Nothing is in order anymore
This was one of those weeks on Dexter where I felt like I could have been surfing the internet while I watched. I like these episodes – a little slow, mostly about the characters small developments, relationships, etc. – but they don’t really grab me. My favorite part was probably watching Deb try to figure out what it meant to wield her new power. We’ve heard rumors that LaGuerta was a good cop before she took a desk job and got embroiled in politics, but we never got to see that transition. I think it could be fun to watch Deb figure out if being Lieutenant really is just about putting a blazer on over her old clothes. Her show down with Mike Anderson made it clear that Deb’s straight-talking, take-no-prisoners style will survive the transition and might just be what saves her. The only downside to this plot line is that LaGuerta seems reduced to the slimy, insincere woman we first met, after the last several seasons had done a lot to make her more compelling and three-dimensional.
Deb is not the only one struggling to make sense of her new position. If Quinn hadn’t been such a d-bag this episode, I might have felt sorry for him. Was all his growth and sensitivity just an act? the product of infatuation? Where is that maturity he threw in Deb’s face last episode? I get that he is pissed, but couldn’t they at least have a real conversation?
Dexter’s big summary voice over at the end of the episode tried to tie all the plots together by suggesting that we are all searching for meaning, for something to make our lives make sense. I’m not sure the episode really tied all of that together for me, but there was a fascinating connection between our attachment to objects (big and small) and the way we order our universe. On the surface, Ryan stealing the ice truck killer’s mannequin hand doesn’t seem much about giving her life meaning. Nor does it seem on par with Harrison’s wanting to sleep with a model horse or an old serial killer spending hours staring at his box of tooth trophies. But in each case, these objects form the attachments people have with the world, for better or for worse. Sometimes the objects do their work – Harrison sleeps cuddled up with his plastic precious. Sometimes they don’t – Walter Kenney’s trophies are just dead objects to him now. And of course at the end of the episode, Dexter spills his box of blood slides, breaking at least one and knocking the rest out of order. Dexter’s been so much on the up and up this season, it was a bit hard to take him seriously that this one mishap introduces meaninglessness into my life, but something tells me it might just be the first indication of greater chaos to come.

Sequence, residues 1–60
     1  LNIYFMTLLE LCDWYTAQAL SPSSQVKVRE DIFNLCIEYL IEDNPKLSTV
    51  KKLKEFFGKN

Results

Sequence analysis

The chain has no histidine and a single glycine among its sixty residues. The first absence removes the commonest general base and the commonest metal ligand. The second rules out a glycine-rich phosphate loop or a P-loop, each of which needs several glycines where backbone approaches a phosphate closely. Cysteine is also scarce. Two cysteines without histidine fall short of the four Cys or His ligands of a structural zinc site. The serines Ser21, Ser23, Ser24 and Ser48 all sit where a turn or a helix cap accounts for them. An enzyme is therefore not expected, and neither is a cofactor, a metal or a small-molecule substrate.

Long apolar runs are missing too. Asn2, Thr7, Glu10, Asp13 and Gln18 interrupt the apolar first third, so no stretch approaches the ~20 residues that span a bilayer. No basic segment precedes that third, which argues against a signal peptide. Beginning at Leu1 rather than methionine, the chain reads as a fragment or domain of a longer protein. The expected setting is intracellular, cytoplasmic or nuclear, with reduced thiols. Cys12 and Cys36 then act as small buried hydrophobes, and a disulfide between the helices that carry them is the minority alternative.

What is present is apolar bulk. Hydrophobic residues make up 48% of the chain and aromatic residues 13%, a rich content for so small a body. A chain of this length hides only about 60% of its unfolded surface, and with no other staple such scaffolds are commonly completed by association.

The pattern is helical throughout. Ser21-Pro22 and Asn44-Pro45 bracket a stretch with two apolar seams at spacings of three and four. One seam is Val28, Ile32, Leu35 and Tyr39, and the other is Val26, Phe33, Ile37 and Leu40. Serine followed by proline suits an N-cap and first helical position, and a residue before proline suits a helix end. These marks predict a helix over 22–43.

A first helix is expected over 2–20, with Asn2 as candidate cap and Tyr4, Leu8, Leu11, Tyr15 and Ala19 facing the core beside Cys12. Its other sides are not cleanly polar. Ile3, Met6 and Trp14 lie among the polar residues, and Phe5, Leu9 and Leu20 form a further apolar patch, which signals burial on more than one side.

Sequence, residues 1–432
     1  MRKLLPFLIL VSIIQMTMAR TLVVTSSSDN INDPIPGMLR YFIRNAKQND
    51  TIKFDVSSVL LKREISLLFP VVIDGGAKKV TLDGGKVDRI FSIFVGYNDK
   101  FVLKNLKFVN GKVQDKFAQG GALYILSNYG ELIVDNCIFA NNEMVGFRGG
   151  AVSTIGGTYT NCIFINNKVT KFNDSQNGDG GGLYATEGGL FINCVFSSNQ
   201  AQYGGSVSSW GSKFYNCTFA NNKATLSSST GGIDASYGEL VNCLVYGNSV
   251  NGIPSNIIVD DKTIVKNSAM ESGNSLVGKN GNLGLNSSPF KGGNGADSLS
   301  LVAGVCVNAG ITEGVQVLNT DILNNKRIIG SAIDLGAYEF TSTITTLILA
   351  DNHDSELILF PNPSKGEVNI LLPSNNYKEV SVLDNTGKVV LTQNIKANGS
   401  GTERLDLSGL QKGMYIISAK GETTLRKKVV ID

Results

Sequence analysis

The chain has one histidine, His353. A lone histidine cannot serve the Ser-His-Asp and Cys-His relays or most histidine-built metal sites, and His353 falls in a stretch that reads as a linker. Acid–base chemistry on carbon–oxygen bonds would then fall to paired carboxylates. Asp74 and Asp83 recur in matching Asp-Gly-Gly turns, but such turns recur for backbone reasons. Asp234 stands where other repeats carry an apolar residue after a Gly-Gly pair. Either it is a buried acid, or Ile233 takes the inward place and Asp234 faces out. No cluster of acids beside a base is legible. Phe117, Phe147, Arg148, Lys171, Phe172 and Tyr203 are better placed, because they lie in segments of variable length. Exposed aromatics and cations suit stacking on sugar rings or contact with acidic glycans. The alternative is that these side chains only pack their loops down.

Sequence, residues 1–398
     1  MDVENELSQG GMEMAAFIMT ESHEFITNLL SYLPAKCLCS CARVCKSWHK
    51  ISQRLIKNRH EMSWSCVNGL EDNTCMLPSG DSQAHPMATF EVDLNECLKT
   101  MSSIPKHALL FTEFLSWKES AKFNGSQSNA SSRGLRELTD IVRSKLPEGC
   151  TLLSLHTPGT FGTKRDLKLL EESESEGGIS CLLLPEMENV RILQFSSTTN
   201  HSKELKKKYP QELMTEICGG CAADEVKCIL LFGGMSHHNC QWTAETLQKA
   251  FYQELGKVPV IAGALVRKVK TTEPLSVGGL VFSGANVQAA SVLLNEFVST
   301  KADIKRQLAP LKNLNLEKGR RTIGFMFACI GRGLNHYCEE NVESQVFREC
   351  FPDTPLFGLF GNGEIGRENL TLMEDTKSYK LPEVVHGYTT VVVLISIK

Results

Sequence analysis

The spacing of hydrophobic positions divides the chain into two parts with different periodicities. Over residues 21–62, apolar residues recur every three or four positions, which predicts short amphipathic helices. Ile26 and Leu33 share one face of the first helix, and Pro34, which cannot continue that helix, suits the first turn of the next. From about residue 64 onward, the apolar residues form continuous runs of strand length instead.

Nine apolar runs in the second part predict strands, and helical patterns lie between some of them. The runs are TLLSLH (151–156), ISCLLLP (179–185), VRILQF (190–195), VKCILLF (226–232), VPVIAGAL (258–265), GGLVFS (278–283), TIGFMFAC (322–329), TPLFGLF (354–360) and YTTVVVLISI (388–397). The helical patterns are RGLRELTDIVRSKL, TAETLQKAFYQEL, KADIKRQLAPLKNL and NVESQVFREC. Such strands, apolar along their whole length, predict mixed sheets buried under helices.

Isn’t this often the way with Dexter? He encounters a victim that makes him question some aspect of his life – in this case, whether or not he will end up a bitter old man staring at a box of blood slides – and this sets him into existential questioning and a search for deeper understanding. Maybe the disordered blood slides are just the beginning of his realization that they don’t actually provide the order he needs anyway. The biggest reason Dexter has to think he won’t end up like Walter is that his slides aren’t trophies of power he can or cannot wield like Walter’s teeth are. They are reminders of the tenuous thread of connection he maintains with his normal life and the people he has come to love who give it meaning.
As much as this is probably setting us up for Dexter’s larger spiritual search, I kind of hope we get on with it next week. The bloody apocalyptic horses seem very promising in that regard.
can’t wait to hear what you thought!
I guess I’m surprised to hear you say you didn’t enjoy this one! All last season we complained about how the plots moved too quickly, leaving little time for character development, and a complete inability to focus on the details that a narrative like this requires if it is to become believable. I found this episode to be a beautiful return to the forms of detailed storytelling that, while they can be rare, when they appear, make this show truly great.